Bitcoin halving is an event when the amount of Bitcoins that miners receive in exchange for processing transactions is cut in half, and it occurs once every four years. The last halving was in 2020, and the next one will occur in 2024.
If we take a close look at the data, past Bitcoin halving events have generated long-term bullish drivers for Bitcoin’s price. The Bitcoin halving event is directly related to its deflationary tendency and diminishes its supply, which pushes the price of BTC to rise.
The next Bitcoin halving will take place in spring 2024: what will be the impact on the price of BTC? Three halvings have already taken place so far, and in all cases, the price of Bitcoin rose the following year.
The past three Bitcoin halvings
The first halving took place in November 2012, just under four years after the start of Bitcoin mining, which took place on January 3, 2009, with the creation of the first block. At the time, Bitcoin was worth around $13, and the following year saw the first and largest speculative bubble ever to occur in the price of BTC. In fact, within about a year the price rocketed to a peak of $1,100, an 8,300% gain in less than twelve months.
It must be said that that first halving literally brought down the inflation rate of the Bitcoin money supply.
All existing BTC was created as a reward for miners who validated blocks, and initially, this reward was 50 BTC per block.
With a block approximately every 10 minutes, approximately 2.6 million bitcoins were created each year, and given that only 8 million BTC had been created by the end of 2011, the annual inflation rate of the Bitcoin money supply was then 32%.
With the first halving, the creation of new BTC fell to 1.3 million a year, and in the meantime, by the end of 2012, the BTC created had risen to 10.6 million, and the inflation rate of the Bitcoin money supply plummeted. at 12%.
Such a sudden collapse almost instantly reduced the supply of BTC in the market, starting a price increase due to relatively constant demand, and from January 2013 to November of the same year generated that incredible percentage of gains.
It is no coincidence that a large speculative bubble inflated the year following the second halving.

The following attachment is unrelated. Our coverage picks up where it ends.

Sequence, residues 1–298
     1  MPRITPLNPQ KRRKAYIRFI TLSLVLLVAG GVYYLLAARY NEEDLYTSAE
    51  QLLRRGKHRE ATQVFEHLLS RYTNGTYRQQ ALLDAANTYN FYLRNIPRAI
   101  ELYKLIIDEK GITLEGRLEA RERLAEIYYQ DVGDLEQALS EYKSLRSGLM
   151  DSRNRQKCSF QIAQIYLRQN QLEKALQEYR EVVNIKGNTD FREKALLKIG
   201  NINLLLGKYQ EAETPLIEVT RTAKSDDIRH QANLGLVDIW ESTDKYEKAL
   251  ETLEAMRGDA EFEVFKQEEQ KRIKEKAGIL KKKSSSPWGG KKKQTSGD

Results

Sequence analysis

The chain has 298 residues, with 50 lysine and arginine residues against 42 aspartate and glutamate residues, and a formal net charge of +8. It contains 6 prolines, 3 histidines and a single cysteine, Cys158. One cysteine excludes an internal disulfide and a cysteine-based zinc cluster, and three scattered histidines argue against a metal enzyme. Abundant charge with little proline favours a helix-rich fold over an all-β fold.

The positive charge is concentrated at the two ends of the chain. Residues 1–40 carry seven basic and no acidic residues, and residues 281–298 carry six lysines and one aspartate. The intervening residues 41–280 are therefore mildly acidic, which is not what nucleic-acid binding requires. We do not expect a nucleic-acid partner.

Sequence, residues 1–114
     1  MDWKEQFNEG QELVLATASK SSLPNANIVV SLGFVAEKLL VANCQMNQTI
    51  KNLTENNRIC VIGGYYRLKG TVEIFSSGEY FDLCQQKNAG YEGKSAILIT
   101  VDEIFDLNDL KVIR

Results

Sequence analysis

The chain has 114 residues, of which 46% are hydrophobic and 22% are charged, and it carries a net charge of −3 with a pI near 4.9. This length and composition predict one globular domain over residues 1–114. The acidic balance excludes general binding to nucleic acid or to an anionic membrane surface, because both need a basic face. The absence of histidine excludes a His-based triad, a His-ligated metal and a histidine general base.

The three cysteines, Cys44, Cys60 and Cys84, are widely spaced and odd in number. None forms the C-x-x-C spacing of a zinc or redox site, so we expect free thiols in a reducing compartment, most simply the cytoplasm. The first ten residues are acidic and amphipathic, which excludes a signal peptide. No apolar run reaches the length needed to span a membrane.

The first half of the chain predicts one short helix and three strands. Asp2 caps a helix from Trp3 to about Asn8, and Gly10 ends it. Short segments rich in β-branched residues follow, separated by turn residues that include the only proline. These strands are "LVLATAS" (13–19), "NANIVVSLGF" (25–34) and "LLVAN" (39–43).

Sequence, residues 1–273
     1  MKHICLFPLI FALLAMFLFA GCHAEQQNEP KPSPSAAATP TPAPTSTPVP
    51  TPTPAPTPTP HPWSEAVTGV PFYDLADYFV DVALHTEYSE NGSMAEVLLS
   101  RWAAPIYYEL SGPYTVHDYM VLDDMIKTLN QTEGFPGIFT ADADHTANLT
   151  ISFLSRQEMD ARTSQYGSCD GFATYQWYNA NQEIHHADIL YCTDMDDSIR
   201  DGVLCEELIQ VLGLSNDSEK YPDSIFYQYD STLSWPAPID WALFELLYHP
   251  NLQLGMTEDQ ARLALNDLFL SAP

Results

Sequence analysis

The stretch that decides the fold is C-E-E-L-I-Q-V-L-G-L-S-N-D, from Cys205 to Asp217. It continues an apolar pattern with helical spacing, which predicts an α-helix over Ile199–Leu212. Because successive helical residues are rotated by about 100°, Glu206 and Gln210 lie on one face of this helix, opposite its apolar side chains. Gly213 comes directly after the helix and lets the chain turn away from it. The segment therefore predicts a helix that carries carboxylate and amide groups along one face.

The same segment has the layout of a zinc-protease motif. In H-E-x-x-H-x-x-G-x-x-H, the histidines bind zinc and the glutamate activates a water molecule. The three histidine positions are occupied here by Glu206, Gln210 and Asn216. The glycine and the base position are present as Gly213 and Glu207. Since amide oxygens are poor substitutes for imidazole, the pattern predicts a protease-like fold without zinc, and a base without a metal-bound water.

The second Bitcoin halving
The second halving occurred in July 2016 but did not immediately trigger growth.
At the time, the miner’s reward went from 25 to 12.5 BTC per block, bringing the number of new BTC minted each year to 650,000. As a total of around 16 million BTC had already been created by the end of 2016, the annual inflation rate of the Bitcoin money supply plummeted to 4%.
The price began to rise in October of the same year and then soared especially from April 2017.
During that year, the price reached $20,000, a gain of 1,700% from the previous high of 2013.
The third halving
The third and final halving took place in May 2020, when the miner reward was raised to 6.25 BTC per block.
So just under 330,000 new BTCs have been created every year since then, and given that 18.5 million Bitcoins had already been created by the end of 2020, the annual inflation rate of its money supply dropped below 2%.
In November of the same year, the price began to rise, and the last big bubble began to form the following month.
However, this brought the price of Bitcoin just below $70,000 in November 2021, i.e. with a gain of only 250% compared to the previous peak.
The next Bitcoin halving and price predictions
Given that a halving takes place automatically every exactly 210,000 blocks, and given that the 840,000 block is only a little less than 60,000 blocks away, with a block mined every about 10 minutes, it is estimated that the next halving will take place in the spring of 2024.
At that point, more than 20.3 Bitcoins will be created, and the reduction to 160,000 of the new BTCs created each year will bring the annual inflation rate of the Bitcoin money supply below 1%.
So it will not be a question of a real collapse, like the one that occurred in the 12% which suddenly brought this inflation rate from 32% to 12%, but of a much more contained reduction which will bring it from less than 2% to less than the ‘1%.
Therefore, it is unlikely that the 2024 halving will have a strong impact on the price of BTC, i.e. already in the spring or summer of the same year, because it will not greatly reduce the supply on the market.
Furthermore, all three halvings that have already taken place have caused the price of Bitcoin to increase less and less, going from +8,300% to +1,700% to +250%.
It is by no means impossible that in 2024, or 2025, the price of Bitcoin could increase, but it is unlikely that it will increase by that percentage.
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